Amid a sea of recalls and accident reports, car manufacturers finally have some good news. Several different manufacturers are releasing vehicles that brake on their own to prevent collisions and emergencies — and they work. “Some cars that advertise automatic brakes really can stop the vehicle in time to prevent crashes — and there are enough of them that the insurance industry safety tester is issuing report cards on them,” USA Today reports.
According to The Institute For Highway Safety, the number of vehicles with automatic braking systems has more than doubled since 2012. Cars with the automatic braking feature — coupled with forward collision warning systems — have recently ranked among the top eight safest models in the world. “The autos include seven luxury vehicles and one large mainstream model,” NBC reveals. “Notably, half of the vehicles that earned the Superior rating are built by General Motors — which has been struggling to salvage its reputation in the wake of an ignition switch scandal — more than in any single year in its history.”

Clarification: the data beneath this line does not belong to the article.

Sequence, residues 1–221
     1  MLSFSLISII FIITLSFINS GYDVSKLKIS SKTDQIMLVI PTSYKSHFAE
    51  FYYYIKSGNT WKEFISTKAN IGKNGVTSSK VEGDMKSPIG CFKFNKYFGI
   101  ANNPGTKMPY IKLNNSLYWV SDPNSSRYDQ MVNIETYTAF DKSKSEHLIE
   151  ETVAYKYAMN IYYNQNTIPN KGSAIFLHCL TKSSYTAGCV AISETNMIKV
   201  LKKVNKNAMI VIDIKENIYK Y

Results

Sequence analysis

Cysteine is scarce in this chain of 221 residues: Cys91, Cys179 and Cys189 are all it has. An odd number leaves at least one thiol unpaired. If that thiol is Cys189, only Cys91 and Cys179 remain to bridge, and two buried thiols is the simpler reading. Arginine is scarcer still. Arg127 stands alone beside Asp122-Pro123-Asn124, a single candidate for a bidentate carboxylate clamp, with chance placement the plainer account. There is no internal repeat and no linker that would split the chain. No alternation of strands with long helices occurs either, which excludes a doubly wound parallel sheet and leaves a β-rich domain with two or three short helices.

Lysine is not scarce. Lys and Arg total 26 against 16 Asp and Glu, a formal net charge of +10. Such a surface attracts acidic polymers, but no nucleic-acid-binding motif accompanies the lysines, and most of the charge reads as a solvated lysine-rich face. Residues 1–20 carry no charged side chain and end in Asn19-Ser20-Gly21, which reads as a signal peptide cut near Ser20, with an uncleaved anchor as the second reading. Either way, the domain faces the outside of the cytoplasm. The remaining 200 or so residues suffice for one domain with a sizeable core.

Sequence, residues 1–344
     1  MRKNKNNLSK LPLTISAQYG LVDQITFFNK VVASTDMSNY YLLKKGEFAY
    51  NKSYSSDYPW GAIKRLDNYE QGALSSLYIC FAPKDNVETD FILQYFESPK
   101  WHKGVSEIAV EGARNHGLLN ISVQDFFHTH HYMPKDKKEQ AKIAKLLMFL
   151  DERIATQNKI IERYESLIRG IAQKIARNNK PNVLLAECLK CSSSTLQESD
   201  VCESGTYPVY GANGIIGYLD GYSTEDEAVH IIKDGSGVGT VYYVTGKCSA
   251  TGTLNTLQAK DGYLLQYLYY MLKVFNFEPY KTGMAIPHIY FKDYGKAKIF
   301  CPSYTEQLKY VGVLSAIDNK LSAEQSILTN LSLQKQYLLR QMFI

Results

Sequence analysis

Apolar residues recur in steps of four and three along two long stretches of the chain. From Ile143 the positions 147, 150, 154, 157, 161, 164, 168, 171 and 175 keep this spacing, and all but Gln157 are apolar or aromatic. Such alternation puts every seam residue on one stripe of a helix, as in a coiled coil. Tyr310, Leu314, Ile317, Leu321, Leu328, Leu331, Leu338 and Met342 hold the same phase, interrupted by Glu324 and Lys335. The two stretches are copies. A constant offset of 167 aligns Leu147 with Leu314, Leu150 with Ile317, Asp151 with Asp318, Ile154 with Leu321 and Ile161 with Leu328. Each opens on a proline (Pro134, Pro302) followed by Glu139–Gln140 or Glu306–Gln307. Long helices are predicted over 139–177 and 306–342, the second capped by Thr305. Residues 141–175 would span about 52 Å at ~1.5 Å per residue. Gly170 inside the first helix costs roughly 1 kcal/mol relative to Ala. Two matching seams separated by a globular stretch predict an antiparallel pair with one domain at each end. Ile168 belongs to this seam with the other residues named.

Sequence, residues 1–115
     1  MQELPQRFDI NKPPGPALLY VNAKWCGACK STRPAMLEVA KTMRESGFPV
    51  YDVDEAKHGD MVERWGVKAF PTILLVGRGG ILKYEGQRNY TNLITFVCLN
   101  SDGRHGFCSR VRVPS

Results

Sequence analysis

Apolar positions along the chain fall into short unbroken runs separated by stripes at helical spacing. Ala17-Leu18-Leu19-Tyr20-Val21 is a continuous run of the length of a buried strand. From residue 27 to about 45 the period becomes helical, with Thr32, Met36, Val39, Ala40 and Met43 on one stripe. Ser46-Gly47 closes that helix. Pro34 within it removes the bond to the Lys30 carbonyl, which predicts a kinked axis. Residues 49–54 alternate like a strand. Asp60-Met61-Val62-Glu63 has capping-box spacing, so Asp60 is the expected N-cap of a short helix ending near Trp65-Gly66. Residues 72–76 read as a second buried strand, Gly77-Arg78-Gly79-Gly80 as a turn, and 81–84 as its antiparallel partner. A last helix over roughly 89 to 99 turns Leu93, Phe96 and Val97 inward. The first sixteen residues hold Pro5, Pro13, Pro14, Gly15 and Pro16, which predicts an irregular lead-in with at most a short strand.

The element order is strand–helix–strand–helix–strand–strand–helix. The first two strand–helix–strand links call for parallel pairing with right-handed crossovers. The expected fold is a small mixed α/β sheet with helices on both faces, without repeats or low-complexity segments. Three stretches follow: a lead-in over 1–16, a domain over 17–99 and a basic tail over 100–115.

The relatively new brakes engage if drivers “do not respond quickly enough,” NBC continues. Automatic braking often prevents crashes. If not, the braking makes significant strides in dulling the impact along with any related damages and injuries.
“It would be a good thing if it was properly designed and tested so there are no failures, malfunctions, and or defects,” says Jim Dailey, Personal Injury Attorney at James J. Dailey P.C. “If it is successful I would expect car insurance companies to drastically lower the high insurance premiums they are charging drivers to operate their vehicles.”